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Best Dive Sites in Zanzibar Archipelago

Zanzibar and surrounding small islands lie just off the coast of East Africa. Here are the best dive sites of the Zanzibar Archipelago.

The idyllic, tropical Zanzibar Archipelago lies in the Indian Ocean just off the coast of Tanzania and Kenya. Surrounded by many smaller islands, are the main islands of Pemba, Mafia and Unguja, the island we usually refer to as “Zanzibar.” Ungujais home to the capital of Zanzibar City, known as Stone Town. All three of these islands offer spectacular diving year-round with water temperatures ranging from 77 to 84 F (25 to 29 C) and visibility sometimes up to 130 feet (40 m). Here are our picks for the best dive sites in Zanzibar Archipelago.

Zanzibar Island (Unguja)

Zanzibar Island is the largest of the three with a number of different areas, all offering unique and spectacular diving experiences.

Where is it

Zanzibar lies off the coast of Tanzania, about 37 miles (60 km) northeast of Dar es Salaam. Zanzibar has an international airport, with international flights usually stopping in Kenya or mainland Tanzania. A ferry also departs daily from Dar es Salaam to Stone Town on Zanzibar, taking between 1.5 to 2 hours.

What makes it special

There are a number of fantastic dive locations all around Zanzibar.

Mnemba Island

Mnemba is a private-island resort, but non-guests are allowed to dive the reefs surrounding the island, which are part of a marine reserve. Dive operators from Zanzibar schedule regular dive trips here. These reefs house more than 600 species of fish and three species of dolphins. The island also serves as a nesting place for green turtles between February and September.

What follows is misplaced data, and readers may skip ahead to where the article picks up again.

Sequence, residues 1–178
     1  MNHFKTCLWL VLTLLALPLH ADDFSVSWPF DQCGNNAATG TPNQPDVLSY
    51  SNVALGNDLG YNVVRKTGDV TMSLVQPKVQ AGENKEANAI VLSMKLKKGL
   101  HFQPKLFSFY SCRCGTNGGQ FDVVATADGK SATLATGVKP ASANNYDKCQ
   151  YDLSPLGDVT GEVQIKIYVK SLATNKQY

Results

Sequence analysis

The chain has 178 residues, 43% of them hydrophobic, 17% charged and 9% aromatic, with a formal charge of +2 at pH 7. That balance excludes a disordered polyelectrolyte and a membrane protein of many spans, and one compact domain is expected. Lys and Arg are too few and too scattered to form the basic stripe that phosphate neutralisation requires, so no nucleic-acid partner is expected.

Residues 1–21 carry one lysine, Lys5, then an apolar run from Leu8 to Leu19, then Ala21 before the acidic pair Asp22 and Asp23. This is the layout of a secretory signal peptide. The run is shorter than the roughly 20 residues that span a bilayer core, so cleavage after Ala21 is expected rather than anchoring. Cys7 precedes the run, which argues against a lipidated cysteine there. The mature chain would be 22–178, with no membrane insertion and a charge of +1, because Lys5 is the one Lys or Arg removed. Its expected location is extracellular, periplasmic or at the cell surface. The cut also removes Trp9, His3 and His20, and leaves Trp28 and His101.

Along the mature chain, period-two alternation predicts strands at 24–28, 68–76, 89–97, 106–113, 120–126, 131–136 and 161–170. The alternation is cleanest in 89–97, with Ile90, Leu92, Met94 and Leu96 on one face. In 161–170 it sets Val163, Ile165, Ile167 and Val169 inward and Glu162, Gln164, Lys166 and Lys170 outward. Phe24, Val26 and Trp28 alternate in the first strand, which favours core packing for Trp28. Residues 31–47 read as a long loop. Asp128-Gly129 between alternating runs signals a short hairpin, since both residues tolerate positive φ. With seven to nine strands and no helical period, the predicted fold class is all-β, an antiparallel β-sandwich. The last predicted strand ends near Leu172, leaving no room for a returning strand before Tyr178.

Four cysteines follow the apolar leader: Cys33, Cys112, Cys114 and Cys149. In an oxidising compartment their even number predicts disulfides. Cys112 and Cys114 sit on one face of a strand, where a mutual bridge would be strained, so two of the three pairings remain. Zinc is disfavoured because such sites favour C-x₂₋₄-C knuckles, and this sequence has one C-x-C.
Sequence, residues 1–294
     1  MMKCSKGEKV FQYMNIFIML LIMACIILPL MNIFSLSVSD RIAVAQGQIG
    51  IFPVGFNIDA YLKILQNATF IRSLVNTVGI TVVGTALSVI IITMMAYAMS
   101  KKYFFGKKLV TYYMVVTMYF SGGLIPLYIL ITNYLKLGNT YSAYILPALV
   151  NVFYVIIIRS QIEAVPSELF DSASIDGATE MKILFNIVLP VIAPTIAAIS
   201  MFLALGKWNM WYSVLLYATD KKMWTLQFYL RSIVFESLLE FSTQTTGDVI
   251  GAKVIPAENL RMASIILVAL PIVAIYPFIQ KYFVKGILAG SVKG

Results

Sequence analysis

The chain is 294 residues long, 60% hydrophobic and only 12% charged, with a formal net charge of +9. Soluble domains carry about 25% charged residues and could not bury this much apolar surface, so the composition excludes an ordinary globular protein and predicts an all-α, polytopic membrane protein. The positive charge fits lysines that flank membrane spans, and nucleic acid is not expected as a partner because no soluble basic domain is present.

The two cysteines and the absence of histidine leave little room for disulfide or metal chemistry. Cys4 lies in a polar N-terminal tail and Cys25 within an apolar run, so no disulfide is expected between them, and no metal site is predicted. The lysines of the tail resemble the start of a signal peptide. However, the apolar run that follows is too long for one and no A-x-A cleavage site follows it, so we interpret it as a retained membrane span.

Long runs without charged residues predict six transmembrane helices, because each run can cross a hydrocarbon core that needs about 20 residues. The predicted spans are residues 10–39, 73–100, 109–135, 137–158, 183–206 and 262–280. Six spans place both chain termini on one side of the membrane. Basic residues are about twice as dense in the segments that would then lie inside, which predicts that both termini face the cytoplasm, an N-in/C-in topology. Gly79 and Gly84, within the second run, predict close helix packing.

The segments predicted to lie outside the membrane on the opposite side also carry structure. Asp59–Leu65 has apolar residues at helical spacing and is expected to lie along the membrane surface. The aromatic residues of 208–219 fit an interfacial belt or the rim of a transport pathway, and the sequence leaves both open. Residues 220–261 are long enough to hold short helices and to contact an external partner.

On the northeast tip of Zanzibar you’ll find a diver’s paradise in Nungwi. Relaxed, shallow dives feature ornate ghost pipefish, seahorses, harlequin shrimp, leaf fish and frogfish. Big game fish and shark encounters are not uncommon on deeper sites. You’ll often spot dolphins and turtles in the water around Nungwi as well.


Kizimkazi is a small village that’s gained notoriety for offering dolphin tours in a marine-protected area. Unfortunately, most operators don’t run the tours in a manner that is safe or ethical for the animals. Education and conservation volunteers are working in the area to improve the situation, which offers wonderful macro diving. If you dive here, give the dolphin tours a miss. Do your research and join a reputable dive center instead.


Fumba is also a marine-protected area, less-crowded and commercialized than many other places on the island. The beaches are not as nice as in other areas, which means there are fewer divers. That translates to pristine coral, abundant fish life and a reef all to yourself on most dives.

Stone Town 

Stone Town is the main city on Zanzibar. Diving around Stone Town — really the islands offshore — offers a wide variety of coral gardens and tropical fish. There are three wrecks as well, and whale sharks often migrate past the reefs.

Paje, Bwejuu and Jambiani

Located on the southeast coast of Zanzibar Island, this area offers some interesting dive sites including the lagoon and the Cement Wall, where you can still see three anchors from a ship that lost its cargo of cement in the 1930s. Divers often see sharks, napoleon wrasse, and turtles.


There’s plentiful accommodation on Zanzibar, from hostels to luxury hotels. There are also a large number of dive centers in the popular tourist areas.

Getting around Zanzibar is easy and convenient. Private taxis are available all over the island and prices are usually negotiable. It’s best, however, if you agree on the price before you get in. For a budget option you can use the local buses called dala-dalas.